What are these hunted for? Are they good eating? Pests?


Pests. Rob trotlines, eat gamefish, generally worthless bothersome creature that put up a good fight.
madmedic  [Team Member]
7/27/2009 12:38:13 PM EST
In my PERSONAL experience... the easiest way to catch alligator gar in Florida...is to try NOT to catch alligator gar.
CamoedNinja  [Member]
10/10/2009 6:04:39 PM EST
We use chunks of bream or bluegills with the appropriate size circle hook, small steel leader and power pro braided line.
RickNC  [Member]
10/21/2009 3:36:02 AM EST
Caught a nice big long nose one this summer in a local pond The place is full of them. And I wonder why I can't catch hardly any other fish. I collect skulls and its head now rests in my collection. Caught it on regular hook and line.
cormorantslayer  [Life Member]
4/8/2010 7:02:39 PM EST
Tie a 12" piece of nylon rope to the end of your line and reel it past them kind of fast.

There teeth get caught in the rope.
phlat  [Team Member]
4/23/2010 6:45:33 PM EST
In-Fisherman went with a guide to fish for these. They used a few feet of steel wire for a leader, big hook, cut bait. Dropped it in the water and motored up stream as opposed to casting due to the weight of the whole setup. Caught a monster with it.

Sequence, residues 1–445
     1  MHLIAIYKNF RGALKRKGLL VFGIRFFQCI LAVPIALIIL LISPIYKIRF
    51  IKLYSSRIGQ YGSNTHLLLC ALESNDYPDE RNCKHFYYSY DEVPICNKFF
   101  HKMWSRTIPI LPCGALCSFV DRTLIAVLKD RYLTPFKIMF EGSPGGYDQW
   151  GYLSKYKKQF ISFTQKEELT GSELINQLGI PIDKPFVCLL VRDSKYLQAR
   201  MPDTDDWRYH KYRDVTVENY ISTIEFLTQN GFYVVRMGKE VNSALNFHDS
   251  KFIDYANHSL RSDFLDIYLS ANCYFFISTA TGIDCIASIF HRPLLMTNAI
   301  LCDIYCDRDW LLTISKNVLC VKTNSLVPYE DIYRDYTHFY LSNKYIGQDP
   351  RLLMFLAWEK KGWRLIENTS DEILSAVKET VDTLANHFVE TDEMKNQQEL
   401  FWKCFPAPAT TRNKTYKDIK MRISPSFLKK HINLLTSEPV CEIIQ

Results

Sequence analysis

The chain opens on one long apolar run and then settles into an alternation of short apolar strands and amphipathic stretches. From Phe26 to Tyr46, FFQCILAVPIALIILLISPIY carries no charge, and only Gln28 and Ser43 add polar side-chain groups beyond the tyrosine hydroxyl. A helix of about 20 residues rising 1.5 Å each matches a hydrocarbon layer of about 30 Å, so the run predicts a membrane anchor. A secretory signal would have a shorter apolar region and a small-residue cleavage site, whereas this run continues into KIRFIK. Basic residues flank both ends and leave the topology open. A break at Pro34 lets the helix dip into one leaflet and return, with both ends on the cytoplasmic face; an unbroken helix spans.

HubMcCaan  [Team Member]
4/23/2010 7:08:47 PM EST
When I was growing up some of the guys around Houston use to go catch them with compound bows with the reels on them - always thought that looked like fun.
TomJefferson  [Site Staff]
4/24/2010 6:20:42 AM EST
Steel leader and a stout line.
TNhick  [Member]
5/29/2010 10:53:34 PM EST
Originally Posted By 53vortec:
Originally Posted By Chimborazo:
What are these hunted for? Are they good eating? Pests?


Pests. Rob trotlines, eat gamefish, generally worthless bothersome creature that put up a good fight.


you know those fish live over 70 years and grow over 150 pounds and fight as hard as anything in freshwater?
Not what I would call a pest. Sounds like one hell of a gamefish to me.
Sounds like the kind of fish that once you catch one, you should thank it for all the excitment and let it go so it can get even bigger and you can catch it again!
I'm a avid musky angler here in TN. Folks round here look at muskies as a worthless fish and some kill every one they catch. I dont understand how a bass angler can catch a 4 foot, 30 pound musky on bass gear, and think it such a terable experiance that they feel the need to kill it. What a horrable thing to catch such a awsome apex predater. How can someone like that call themselves a sportsman or outdoorsman?